This spring Bill and I have been watching a pair of nesting mourning doves sharing the nest sitting responsibilities right outside our backyard balcony on the second story of our four story home. They settled down in one of the planter boxes hanging over the wrought iron balcony. There are two eggs in the nest and the male and female have been sharing the egg sitting responsibilities equally. It is an amazing thing to watch.
Also, my husband and I noticed, today, March 27, 2016, a pair of house sparrows revitalizing a cardinal nest built last spring. It is in a crepe myrtle tree in front of our house. They are busily feathering the nest and adding twigs, etc. to soften the inside of this washed out, previously built cardinal nest. It is so much fun that I decided to research birds in our area. That is why I am posting this information.
The sparrows worked all day and it is now 5:54 PM EST. They have managed to build a highrise! Look closely at the picture to the left and you can see the female assessing all her hard work! I cannot wait to see if there are any eggs that hatch. Bill and I will be following this.
"...The mating habits or courtship behavior of the House Sparrow can begin as early as January and continue through July. The males claim their nest sites and defend its immediate territory. There is no defined area outside the nest that the bird defends. The male chirps by the nest site trying to attract a female. When a female comes by, the male chirps louder and more quickly. Sometimes the male will follow the female a short distance and hop or wing quiver around her if she passes by him. Other males may join in trying to attract the same female. Mating occurs throughout the breeding cycle, (March through early August) near the nest site, and may occur several times during the day. Once the birds pair, nesting begins. These birds are monogamous, usually for life. Although lost mates are quickly replaced during the breeding season.
The nesting habits of House Sparrows plays a significate role in the birds life and activities. Since these birds use the nest nearly year around. In spring and summer the birds use the nest for raising young, up to four broods a season will be raised. In fall and winter it is used for resting in the day and roosting at night. The nest can be located in any available place in buildings, trees, and birdhouses near human habitation. The adaptability and the number of broods raised is what causes this birds numbers to multiply. The nest building is done almost year around. You are likely to notice most nest building activity in spring and fall. The main one is in spring just before breeding. Both the male and female build the nest. The nest is spherical in shape, 8 to 10 inches in outside diameter and is made of coarse material on the outside such as, straw, twigs, paper, leaves, grasses, and any other available material. The inside is lined with feathers or fine grasses.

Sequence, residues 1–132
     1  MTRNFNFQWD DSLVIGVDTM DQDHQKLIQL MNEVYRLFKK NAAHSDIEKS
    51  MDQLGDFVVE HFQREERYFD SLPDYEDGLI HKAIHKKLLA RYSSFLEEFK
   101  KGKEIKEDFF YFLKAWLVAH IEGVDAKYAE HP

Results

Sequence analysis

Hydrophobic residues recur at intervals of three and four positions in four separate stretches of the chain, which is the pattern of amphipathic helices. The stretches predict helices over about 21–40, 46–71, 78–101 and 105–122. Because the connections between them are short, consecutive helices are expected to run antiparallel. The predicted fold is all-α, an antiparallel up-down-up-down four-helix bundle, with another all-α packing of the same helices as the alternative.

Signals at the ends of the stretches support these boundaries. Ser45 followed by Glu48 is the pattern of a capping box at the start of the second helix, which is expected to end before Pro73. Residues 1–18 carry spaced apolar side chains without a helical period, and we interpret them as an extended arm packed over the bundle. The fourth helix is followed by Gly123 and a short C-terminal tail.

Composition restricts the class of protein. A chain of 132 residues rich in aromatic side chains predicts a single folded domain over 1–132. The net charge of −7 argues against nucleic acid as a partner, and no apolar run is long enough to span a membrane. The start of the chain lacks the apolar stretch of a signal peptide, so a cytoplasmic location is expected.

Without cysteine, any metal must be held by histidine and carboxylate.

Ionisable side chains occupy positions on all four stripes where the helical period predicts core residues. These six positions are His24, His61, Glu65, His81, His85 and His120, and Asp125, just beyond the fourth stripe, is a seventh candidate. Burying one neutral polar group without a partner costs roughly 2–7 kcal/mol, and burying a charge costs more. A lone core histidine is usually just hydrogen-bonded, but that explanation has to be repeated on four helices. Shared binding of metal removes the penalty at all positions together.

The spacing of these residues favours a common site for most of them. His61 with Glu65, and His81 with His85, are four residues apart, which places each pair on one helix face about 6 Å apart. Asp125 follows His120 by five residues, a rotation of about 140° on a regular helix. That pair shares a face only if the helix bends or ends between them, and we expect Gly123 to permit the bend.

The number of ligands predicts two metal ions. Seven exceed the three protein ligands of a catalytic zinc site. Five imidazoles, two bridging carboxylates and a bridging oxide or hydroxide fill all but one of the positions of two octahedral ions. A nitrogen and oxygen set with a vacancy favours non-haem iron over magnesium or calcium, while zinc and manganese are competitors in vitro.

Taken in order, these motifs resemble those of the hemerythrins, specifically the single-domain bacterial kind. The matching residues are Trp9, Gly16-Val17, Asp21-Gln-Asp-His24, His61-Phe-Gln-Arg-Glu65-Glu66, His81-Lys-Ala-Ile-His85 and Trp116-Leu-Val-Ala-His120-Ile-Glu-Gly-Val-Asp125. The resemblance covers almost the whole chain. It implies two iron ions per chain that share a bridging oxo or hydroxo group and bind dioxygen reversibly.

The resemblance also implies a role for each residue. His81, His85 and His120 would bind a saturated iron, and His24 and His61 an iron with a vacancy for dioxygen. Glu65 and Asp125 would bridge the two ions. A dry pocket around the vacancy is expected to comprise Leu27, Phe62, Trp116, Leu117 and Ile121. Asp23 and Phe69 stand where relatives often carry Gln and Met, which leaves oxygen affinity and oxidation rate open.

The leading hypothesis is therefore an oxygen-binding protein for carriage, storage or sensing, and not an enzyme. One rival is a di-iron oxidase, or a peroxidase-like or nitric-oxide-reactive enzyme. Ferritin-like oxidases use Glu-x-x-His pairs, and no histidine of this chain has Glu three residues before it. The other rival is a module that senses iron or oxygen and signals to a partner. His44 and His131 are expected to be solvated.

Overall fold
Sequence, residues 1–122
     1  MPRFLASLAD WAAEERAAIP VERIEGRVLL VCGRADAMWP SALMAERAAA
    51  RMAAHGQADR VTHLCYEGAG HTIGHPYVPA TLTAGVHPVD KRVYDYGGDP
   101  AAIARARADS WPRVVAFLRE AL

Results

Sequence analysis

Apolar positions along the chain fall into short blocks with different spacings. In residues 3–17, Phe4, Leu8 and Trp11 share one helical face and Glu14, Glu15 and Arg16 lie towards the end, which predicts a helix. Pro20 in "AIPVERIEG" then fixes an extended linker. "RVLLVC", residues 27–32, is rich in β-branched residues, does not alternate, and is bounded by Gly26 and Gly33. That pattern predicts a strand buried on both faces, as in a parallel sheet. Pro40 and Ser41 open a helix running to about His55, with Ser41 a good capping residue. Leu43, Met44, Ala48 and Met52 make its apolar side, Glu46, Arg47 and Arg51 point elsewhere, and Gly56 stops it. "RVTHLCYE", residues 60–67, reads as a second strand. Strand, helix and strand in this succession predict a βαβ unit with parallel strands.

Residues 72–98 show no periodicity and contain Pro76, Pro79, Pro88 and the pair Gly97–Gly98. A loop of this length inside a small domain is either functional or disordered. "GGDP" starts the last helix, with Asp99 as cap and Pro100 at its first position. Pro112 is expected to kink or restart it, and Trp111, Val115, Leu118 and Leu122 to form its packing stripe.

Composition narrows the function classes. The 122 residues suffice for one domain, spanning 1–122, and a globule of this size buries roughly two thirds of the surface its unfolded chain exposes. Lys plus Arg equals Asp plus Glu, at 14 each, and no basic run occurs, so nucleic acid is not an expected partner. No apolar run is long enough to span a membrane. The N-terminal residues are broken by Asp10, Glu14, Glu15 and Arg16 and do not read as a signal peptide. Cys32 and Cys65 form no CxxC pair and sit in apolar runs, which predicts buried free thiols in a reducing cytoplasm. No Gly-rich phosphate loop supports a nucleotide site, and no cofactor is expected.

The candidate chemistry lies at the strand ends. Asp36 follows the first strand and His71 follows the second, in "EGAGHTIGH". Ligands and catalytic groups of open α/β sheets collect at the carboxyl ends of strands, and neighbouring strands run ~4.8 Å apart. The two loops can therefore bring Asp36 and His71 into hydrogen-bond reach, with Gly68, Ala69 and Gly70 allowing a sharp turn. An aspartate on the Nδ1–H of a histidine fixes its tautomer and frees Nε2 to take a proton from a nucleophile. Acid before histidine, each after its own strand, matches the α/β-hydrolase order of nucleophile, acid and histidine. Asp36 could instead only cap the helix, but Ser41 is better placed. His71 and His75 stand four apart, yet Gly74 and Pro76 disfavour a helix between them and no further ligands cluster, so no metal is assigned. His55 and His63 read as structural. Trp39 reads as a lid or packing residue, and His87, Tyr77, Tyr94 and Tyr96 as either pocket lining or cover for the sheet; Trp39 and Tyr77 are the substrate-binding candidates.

The female begins laying eggs about a week after nest building begins. Typically 4 eggs are laid but some nest can have up to 7 eggs. The eggs are white to dull brown and speckled with brown. For the most part, incubation of the eggs is done by the female. Incubation last for about 12 days and the young leave the nest in 15 to 17 days after hatching. Both the male and female feed the young. After the young birds have fledged, the male continues feeding the fledglings while the female begins the next brood...." Wild Bird Watching
Common Feeder Birds is a list of almost 100 common feeder birds with pictures and complete information about each bird. Also, this link gives an immediate cross reference of what they like to eat and how/where they like to eat it. Explore your region to see what you might be able to attract to your feeder this winter! This is an excellent reference site.
For More Information:Feeder Watch